The Nissan ARIYA is an exciting entrant to the electric SUV category

    Earlier in the week, we told you there was a new EV coming and now it’s all official, introducing the Nissan Ariya.

    There’s a lot to love about what Nissan have done with the Ariya, not only is a crossover / mid-sized SUV that targets one of our biggest vehicle segments, but the designers actually won the arm wrestle with the marketing team and as such, the production version looks almost identical to the concept.

    Nissan have done what all automakers should do and that is start with a ground-up, new EV platform. That means this isn’t an exercise of compromises where they shoehorn an electric motor and battery where the petrol engine, gearbox, fuel tank and exhaust used to be.

    Build starting over, the distribution of weight, critical to a car’s handling and ride comfort, is exactly where you want to place it, low to the ground. From a company that makes amazing vehicles like the GTR, it’s not surprising they understand this, ahead of many others.

    Range and performance

    One of the biggest headline features of the Ariya is a massive 610km of range (listed on their website). That is contrasted by the press release that lists the range as ‘up to 580km‘.

    If we take the website figure, that range looks seriously impressive for a vehicle of this size. When we break it down, that 610km is based on range standard from Japan, known as WLTC. Given other EVs like the Model Y use WLTP and achieve an est 505km, it’s really hard to compare accurately.

    The Ariya standard range will be powered by 65kWh battery and the longer range uses a larger 90kWh battery. By way of comparison, the Tesla Model Y features a 75kWh battery. Ultimately the question is not how much battery you can add to your car, but what is the right balance of range (battery size) and cost and whoever has the most efficient battery technology obviously has a big advantage.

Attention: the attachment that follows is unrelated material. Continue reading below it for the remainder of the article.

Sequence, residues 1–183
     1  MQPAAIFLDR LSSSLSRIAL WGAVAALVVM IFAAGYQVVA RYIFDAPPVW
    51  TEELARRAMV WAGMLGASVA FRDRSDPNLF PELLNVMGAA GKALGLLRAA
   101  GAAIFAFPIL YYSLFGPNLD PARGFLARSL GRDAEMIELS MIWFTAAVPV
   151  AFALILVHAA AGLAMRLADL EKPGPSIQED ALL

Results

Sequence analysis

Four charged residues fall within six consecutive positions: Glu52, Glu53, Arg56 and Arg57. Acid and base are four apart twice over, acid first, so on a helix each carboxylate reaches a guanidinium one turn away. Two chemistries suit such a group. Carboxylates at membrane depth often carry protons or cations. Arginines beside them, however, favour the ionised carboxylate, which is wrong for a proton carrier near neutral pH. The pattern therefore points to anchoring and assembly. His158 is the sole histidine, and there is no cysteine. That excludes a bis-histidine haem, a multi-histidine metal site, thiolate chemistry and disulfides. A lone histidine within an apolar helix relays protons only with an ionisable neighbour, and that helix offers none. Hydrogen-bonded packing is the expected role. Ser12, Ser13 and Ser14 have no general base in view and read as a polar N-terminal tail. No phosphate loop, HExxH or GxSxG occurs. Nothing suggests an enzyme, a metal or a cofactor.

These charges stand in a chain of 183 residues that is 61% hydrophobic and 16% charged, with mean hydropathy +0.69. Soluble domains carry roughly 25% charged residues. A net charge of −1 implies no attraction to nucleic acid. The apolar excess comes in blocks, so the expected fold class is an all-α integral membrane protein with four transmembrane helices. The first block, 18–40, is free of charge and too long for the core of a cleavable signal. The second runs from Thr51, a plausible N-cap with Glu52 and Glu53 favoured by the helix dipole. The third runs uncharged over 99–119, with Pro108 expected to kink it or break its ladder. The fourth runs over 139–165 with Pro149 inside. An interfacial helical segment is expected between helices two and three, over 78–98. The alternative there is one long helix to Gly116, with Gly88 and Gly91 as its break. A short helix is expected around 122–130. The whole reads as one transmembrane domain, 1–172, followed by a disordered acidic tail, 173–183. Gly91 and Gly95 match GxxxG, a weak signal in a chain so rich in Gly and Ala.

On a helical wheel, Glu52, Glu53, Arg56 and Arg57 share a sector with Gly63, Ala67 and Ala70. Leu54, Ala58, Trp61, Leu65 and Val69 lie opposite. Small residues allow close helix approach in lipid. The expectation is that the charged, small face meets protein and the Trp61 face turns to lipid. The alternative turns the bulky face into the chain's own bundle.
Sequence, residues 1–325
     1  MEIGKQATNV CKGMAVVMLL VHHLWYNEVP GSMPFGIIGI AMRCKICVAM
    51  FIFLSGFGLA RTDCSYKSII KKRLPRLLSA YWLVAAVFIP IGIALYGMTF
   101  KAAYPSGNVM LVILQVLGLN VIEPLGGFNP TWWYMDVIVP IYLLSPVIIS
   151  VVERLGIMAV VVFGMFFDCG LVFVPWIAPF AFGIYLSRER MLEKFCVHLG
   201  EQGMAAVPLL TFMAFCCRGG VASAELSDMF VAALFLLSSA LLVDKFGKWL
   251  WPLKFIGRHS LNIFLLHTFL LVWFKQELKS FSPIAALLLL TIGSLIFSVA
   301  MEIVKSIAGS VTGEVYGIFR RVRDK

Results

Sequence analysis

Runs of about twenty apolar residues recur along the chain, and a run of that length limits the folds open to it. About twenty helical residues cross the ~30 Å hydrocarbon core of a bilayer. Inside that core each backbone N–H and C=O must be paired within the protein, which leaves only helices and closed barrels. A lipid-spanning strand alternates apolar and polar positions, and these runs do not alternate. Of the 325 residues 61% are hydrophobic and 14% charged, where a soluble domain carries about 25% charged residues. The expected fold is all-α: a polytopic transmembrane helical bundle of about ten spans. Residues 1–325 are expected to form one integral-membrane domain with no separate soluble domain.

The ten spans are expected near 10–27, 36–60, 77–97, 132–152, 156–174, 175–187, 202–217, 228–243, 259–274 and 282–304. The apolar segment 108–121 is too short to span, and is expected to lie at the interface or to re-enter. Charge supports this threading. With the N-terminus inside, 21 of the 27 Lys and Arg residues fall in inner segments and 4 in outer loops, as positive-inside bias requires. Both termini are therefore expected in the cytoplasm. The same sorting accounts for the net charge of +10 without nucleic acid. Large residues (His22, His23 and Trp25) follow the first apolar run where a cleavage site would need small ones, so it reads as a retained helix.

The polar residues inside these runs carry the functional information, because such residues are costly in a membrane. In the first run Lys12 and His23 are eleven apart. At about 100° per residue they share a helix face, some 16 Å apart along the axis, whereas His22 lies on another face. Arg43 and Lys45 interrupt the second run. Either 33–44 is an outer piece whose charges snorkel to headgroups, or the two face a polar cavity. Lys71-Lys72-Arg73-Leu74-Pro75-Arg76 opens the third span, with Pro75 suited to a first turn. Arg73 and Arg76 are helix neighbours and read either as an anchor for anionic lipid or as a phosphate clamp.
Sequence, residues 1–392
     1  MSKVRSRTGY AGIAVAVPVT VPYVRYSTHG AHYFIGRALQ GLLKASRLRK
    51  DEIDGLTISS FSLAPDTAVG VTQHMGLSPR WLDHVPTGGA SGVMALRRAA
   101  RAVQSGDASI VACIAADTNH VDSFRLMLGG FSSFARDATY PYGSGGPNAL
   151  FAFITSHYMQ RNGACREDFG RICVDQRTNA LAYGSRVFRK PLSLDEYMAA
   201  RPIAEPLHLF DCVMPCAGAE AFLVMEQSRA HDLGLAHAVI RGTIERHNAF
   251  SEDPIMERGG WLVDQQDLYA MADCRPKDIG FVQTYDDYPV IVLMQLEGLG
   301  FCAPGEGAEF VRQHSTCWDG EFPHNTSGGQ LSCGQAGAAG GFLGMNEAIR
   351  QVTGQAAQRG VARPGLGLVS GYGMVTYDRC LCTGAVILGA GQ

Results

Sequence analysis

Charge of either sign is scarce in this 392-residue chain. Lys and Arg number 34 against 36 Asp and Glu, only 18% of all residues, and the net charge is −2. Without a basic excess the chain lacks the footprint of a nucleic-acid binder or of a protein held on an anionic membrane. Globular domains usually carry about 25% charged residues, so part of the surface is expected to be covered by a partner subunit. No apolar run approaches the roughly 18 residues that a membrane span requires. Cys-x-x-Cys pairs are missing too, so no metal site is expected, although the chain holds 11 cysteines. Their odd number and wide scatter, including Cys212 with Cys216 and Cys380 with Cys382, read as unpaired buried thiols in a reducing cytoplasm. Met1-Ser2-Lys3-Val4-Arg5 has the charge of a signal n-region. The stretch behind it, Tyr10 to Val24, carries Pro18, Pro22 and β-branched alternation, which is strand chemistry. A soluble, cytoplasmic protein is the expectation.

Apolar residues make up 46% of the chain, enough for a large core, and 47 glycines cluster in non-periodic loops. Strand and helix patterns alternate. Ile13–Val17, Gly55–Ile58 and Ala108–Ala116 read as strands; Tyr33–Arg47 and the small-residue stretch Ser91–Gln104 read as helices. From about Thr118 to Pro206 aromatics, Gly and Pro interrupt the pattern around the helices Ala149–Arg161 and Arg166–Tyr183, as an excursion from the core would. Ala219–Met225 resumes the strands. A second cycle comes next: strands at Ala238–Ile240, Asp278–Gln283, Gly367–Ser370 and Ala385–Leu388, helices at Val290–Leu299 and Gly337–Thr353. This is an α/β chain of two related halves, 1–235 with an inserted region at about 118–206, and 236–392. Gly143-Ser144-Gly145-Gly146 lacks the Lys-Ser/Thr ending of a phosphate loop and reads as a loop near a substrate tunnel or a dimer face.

Nissan are offering the crossover in both 2WD and 4WD variants, as well as standard and long range editions. The top model can use its 90kW battery (87kW usable), to power the car from 0-100km/hr in 5.1seconds, so should certainly be snappy. The entry level model can manage 7.5seconds.

    The Jaguar i-Pace can do that same acceleration in 4.8s, while the Model Y can manage it in just 3.7s. We don’t have exact timing on the Mach-E, but Ford are claiming the top model will get there in mid-3 seconds.

    When it comes to charging, this is likely to change a bit per market, however Nissan have confirmed the setup in Japan. The Ariya will have a peak charging rate of 130 kW, this means you can get around 375km of range in just 30-minute, using Japan’s CHAdeMO charging system.


    The Ariya comes with ProPILOT 2.0 which is Nissan’s latest suite of semi-autonomous features. With this vehicle, Nissan say they’ll be able to offer hands-off driving in single lane (meaning no oncoming traffic next to you), as well as assisted, or guided lane changes which requires some force on the wheel to ensure you’re paying attention.

    ProPilot remote park enables your car to move forward and reverse without you in it, simply by pressing and holding a button on the remote. This is great if someone parks close to you, making it difficult to open your doors. This looks to be similar to Tesla’s basic Summon, so it will go forward and back, but not turn at all.

    The Ariya will also include a heads-up display which some drivers are in love with, so its a nice inclusion. This projects your speed, navigation and other details on your windscreen, helping you keep your eyes on the road.

    The Ariya has Amazon Alexa built-in, so you can play music, set the navigation, or answer your queries from the web, just by using your voice.

    Finally, the mobile app. Its pretty much a given now that EVs are unlocked and controlled by a mobile app and thankfully Nissan is following suit. You can monitor your state of charge, lock or unlock the vehicle, or adjust the climate control, right from within the app. A neat feature they have that some others should borrow is the ability to plan your routes directly from within the app.

    Price and Availability

    While the Nissan Ariya would be incredibly welcome in the Australian market, we are unfortunately not on the list of launch countries in 2021. Hopefully Nissan Australia can campaign HQ and get this thing here and fast.

    The Ariya looks like a great competitor to the Tesla Model Y, the Ford Mach-E. It is expected that pricing would start around A$66k, while the top long range model is likely to cost a quite a bit more.

    Jason Cartwright
    Jason Cartwright
    Creator of techAU, Jason has spent the dozen+ years covering technology in Australia and around the world. Bringing a background in multimedia and passion for technology to the job, Cartwright delivers detailed product reviews, event coverage and industry news on a daily basis. Disclaimer: Tesla Shareholder from 20/01/2021

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